Gene Page/AMC
S4 E8
February 27, 2015 at 06:46 PM EST

The midseason finale marked the end for two major characters at opposite ends of the morality spectrum. Hershel, the heart of the series after Dale died, and the Governor, the dark, malignant force that has plagued our heroes since last season, both reached the end of their storylines. Who will you miss more — Hershel or the Governor? (Let’s just say, I’m not going to be able to see Santa this holiday season in the same way. Only Scott Wilson as Hershel and Richard Attenborough as Kris Kringle can pull off that short, sophisticated white-haired beard so well.)

The Governor goes into full politician mode as he convinces his group to march on the Prison. With Michonne and Hershel as captives, he plans on using them as bargaining chips — or pawns — to convince Rick and the gang to abandon the Prison. That way, they “don’t need to kill anyone,” assures the Governor before he adds, “but we need to be prepared to.” He characterizes most of the Prison community as “thieves” and “murderers,” which is ironic as that is exactly what the Governor is — a thief and murderer. He later calls Rick a “liar,” which, again, is a representation of himself rather than the others.

Lilly is doubtful of the Governor’s plan to move the camp into the Prison, reiterating her thoughts last episode that the camp need not find a better place. In a perfect example of “too little too late,” she is also starting to have doubts about the Governor. She (finally) realizes that despite trusting this man with everything she holds dear practically the moment after she met him, he may not be who she thinks he is. When he tells her that he loves her, she responds, “I don’t know who you are.” By not keeping his “plan” secret from her, the Governor thinks he’s making progress — at least from his most recent relationship. What he doesn’t realize is that he’s also revealing his psycho killer side, which is almost always a turn off for most women.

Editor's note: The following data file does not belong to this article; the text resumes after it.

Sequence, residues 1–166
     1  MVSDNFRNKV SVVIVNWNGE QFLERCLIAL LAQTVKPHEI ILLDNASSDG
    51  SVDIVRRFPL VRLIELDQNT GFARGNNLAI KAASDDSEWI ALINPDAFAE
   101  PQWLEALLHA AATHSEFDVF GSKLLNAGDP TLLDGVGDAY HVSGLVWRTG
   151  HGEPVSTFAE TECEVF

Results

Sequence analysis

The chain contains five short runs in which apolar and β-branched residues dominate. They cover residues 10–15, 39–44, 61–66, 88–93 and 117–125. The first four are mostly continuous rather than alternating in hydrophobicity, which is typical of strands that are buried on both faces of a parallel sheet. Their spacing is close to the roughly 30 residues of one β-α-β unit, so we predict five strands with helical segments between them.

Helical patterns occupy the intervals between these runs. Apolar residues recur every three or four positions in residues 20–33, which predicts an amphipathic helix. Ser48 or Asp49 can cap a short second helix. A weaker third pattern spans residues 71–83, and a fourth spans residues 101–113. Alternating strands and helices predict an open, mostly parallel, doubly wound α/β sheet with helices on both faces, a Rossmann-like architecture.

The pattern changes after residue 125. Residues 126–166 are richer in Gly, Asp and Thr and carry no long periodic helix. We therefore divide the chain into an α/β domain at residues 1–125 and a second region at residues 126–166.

The Governor interrogates Michonne and Hershel, replacing his usual interrogation tactics like feeding people to Walkers or sexual assault with just talking face-to-face. He restates his plan to avoid bloodshed if possible, but Hershel hopes to convince him that the two groups can co-exist at the Prison. Yet we — along with the Governor and Michonne — know that it could never work, if not for the characters’ issues with each other than for the sake of storytelling. We really need to get out of the Prison and, boy, do we.

Hershel attempts to appeal to the father in the Governor — displaying great strength in doing so since he knows what the Governor has already done to his daughter. (Don’t call him that! But definitely do call him that if only to spite him.) He pleads, “If you understand what it’s like to have a daughter, then how can you threaten to kill someone else’s?” The Governor simply replies, “Because they aren’t mine.”

And so he encapsulates his post-apocalyptic philosophy, which is shared by many characters on The Walking Dead. Protect what’s mine and to hell with anything or anyone else. Rick also had this mentality, but it still remains to be seen which view leads to a better life. The three questions and even Martinez’s two statements seem more morally sound than the Governor’s obsession with survival. But can anyone ultimately survive the Zombiepocalypse?

(Side note: During this scene, you can see the Governor put the white king chess piece Meghan customized into his pocket. That’s how the piece makes its way to the field outside the Prison as the Governor meets his maker.)

NEXT: Daryl finds out about Carol. Someone is learning rat anatomy. The Governor makes his return outside the Prison gates.

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AMC’s zombie thriller, based on the classic comic book serial created by Robert Kirkman.
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